In the current study, the five aspects of the gamification framework of Toda et al. (2019) were adopted as a theoretical foundation for the gamification design platform, which was used to design storyboards that incorporated gamification elements (Oliveira et al., 2022).
Gameful experience in sports training
Whether gamification is successful is determined by the level of engagement a user experiences (Eppmann et al., 2018). Högberg et al. (2019) proposed a tool for analysing the gamification experience. The present study adopted their proposed tool for the construction of user profiles. The tool comprises 56 questions that test the seven dimensions of the gamification experience proposed by Högberg et al., namely achievement, challenge, competition, guidance, immersion, playfulness, and social experience. Högberg et al. reported achievement and immersion to be particularly crucial dimensions of the gamification experience. Achievement leads to the effects of gamification persisting over the long term. Immersion leads users to enter a mind-flow state, which enables them to maintain focus over a long period. The present study focused on the measurement of these two dimensions because they reflect not only whether a user experienced positive feeling during use of a gamification program but also whether the effects of the program persist when the program is no longer being used, which is a crucial goal behind using gamification in sports training contexts.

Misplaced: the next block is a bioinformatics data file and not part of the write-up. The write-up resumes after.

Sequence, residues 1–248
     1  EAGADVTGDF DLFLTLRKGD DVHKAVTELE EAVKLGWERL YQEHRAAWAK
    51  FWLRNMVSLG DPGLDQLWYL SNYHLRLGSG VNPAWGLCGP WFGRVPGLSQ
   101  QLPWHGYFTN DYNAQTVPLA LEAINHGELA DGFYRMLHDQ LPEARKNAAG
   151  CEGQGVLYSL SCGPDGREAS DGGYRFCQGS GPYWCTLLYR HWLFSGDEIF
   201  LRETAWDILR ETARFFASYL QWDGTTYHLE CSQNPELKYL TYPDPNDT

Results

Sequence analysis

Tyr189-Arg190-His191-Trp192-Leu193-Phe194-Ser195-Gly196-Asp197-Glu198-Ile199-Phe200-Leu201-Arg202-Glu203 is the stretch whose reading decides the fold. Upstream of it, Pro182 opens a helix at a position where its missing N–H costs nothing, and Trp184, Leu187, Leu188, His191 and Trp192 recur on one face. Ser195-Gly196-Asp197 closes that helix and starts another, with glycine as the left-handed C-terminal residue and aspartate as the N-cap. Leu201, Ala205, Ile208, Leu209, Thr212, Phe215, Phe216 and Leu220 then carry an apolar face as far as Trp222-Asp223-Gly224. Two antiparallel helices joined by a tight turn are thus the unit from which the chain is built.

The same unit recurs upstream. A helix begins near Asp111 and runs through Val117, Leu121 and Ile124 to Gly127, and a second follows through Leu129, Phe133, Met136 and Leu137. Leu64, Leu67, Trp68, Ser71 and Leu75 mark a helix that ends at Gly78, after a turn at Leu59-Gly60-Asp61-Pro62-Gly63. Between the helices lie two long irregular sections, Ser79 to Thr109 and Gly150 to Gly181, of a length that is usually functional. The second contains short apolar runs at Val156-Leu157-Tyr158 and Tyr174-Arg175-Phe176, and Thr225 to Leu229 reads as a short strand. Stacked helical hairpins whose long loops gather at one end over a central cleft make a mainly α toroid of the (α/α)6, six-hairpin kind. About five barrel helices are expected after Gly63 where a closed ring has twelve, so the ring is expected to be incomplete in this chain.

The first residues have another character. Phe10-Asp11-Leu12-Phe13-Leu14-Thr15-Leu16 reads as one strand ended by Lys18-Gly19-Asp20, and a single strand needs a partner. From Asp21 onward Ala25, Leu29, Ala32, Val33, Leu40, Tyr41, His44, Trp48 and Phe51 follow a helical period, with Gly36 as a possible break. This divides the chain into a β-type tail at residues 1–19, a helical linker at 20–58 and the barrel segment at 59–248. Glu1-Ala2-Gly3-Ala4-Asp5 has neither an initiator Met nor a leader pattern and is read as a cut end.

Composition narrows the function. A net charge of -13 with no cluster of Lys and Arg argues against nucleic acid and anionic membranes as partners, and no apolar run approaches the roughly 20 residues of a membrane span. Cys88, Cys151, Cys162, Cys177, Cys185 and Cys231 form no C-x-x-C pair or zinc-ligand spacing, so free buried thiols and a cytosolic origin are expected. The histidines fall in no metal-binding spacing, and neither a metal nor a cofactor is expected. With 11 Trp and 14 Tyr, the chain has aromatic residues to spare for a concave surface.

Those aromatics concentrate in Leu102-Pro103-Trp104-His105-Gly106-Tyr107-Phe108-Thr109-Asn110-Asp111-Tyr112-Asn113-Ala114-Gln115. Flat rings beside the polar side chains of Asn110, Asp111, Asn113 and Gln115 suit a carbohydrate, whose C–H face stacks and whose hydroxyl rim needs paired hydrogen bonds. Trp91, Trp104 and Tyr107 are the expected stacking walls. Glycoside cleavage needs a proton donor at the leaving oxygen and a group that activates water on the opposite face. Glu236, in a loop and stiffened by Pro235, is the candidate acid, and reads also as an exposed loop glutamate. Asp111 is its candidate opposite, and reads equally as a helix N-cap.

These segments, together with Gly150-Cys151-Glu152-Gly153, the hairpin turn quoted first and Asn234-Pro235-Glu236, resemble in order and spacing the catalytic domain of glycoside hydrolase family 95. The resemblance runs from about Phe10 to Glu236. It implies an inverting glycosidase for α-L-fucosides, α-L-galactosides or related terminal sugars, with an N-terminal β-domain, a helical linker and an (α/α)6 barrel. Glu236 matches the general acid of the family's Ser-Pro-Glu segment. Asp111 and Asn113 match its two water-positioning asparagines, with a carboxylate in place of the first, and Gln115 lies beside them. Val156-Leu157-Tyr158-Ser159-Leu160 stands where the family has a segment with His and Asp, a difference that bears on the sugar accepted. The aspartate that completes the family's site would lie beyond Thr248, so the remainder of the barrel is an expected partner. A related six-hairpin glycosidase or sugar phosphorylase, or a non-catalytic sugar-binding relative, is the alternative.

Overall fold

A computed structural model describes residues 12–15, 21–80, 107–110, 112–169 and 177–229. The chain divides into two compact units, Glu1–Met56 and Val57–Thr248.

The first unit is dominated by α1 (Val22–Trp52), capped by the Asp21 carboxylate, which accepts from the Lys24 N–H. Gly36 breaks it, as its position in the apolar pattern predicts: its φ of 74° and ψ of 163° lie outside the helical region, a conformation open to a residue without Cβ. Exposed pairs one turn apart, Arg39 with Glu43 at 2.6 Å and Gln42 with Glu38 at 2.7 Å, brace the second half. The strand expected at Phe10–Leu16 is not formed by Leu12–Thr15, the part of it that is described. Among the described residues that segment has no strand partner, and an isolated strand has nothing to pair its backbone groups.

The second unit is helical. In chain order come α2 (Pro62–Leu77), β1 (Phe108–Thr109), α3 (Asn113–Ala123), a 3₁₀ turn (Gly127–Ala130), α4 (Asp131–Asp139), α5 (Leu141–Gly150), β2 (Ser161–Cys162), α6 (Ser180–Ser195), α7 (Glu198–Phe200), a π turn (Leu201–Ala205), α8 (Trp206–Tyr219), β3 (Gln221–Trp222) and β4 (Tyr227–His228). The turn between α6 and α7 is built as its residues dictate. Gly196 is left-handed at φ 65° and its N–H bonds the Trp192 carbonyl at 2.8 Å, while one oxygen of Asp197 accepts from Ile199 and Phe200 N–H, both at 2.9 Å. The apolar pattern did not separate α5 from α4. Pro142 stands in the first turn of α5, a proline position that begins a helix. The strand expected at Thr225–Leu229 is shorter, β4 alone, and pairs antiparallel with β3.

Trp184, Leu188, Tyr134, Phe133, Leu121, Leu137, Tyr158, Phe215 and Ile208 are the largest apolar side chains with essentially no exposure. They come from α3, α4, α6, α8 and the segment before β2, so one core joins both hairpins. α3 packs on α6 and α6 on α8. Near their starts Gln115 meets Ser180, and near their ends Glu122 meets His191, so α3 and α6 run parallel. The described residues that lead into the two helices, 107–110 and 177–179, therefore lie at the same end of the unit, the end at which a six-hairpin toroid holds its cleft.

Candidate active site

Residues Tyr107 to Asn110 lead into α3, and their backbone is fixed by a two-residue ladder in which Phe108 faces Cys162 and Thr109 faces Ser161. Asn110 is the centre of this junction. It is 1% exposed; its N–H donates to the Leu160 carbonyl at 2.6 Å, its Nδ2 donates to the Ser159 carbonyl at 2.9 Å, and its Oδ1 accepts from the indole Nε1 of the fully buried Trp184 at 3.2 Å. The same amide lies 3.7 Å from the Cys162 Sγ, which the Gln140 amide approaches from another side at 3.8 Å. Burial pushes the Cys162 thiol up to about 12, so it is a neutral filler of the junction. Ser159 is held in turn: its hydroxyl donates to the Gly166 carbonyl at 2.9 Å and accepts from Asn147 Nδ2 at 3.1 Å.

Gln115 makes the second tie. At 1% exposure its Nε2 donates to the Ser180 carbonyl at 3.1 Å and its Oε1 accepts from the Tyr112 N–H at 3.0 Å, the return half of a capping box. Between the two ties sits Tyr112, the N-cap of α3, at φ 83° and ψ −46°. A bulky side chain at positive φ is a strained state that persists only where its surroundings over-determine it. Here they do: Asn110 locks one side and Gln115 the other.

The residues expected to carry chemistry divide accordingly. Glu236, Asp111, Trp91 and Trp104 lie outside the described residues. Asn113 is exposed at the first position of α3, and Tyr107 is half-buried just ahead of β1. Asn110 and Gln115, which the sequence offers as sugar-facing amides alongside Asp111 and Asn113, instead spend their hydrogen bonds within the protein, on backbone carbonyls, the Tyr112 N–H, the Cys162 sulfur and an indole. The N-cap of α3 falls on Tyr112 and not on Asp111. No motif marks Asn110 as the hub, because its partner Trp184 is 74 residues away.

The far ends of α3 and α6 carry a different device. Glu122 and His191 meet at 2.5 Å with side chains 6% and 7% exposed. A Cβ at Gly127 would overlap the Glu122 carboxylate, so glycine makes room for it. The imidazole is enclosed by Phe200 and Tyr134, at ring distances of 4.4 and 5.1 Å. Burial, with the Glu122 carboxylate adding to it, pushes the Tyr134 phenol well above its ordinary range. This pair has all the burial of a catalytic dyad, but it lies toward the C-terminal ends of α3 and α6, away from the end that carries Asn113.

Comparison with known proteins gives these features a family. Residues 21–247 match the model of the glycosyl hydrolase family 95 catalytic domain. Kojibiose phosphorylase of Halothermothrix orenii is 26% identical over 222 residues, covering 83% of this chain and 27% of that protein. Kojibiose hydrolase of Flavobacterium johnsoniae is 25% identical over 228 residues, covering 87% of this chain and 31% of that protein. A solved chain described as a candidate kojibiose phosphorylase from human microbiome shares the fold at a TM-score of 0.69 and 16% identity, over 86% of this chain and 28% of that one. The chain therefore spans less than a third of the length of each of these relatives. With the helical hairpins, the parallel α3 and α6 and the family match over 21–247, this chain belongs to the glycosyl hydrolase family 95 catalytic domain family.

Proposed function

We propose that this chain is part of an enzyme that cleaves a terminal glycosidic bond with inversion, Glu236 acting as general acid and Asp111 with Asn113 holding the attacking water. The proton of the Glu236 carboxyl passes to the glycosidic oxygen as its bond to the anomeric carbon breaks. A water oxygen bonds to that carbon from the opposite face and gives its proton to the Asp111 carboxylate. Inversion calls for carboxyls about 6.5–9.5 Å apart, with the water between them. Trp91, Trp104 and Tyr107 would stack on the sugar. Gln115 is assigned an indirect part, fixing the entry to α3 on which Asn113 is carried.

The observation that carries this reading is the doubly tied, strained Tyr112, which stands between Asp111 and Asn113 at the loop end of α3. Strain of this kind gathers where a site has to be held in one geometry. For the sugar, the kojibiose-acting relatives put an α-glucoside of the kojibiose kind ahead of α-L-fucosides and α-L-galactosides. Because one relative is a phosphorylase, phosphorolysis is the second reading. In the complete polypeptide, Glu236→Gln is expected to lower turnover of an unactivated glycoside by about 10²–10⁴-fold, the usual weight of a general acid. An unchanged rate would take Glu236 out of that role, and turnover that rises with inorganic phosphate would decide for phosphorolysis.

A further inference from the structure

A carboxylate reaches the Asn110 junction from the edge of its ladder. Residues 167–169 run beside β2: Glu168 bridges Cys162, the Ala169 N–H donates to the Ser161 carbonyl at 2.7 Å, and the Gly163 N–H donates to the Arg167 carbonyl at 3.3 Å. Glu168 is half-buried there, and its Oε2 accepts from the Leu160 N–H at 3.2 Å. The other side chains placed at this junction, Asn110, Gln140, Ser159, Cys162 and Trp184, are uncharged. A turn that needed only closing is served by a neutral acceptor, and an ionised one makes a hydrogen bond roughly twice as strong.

Numerous studies have reported on gamification in a sports context. For example, one study (Menendez-Ferreira et al., n.d.) proposed an improved education model based on two software systems, with the model gamifying sports training. Young people’s character is evaluated by a coach on the basis of their sportsmanship, tolerance, ability to follow directions, and teamwork, with these evaluations earning them skill points that can be applied to improve their speed, resistance, strength, defences, and skills. By gaining skill and attribute points, the player can improve their character’s performance in the game.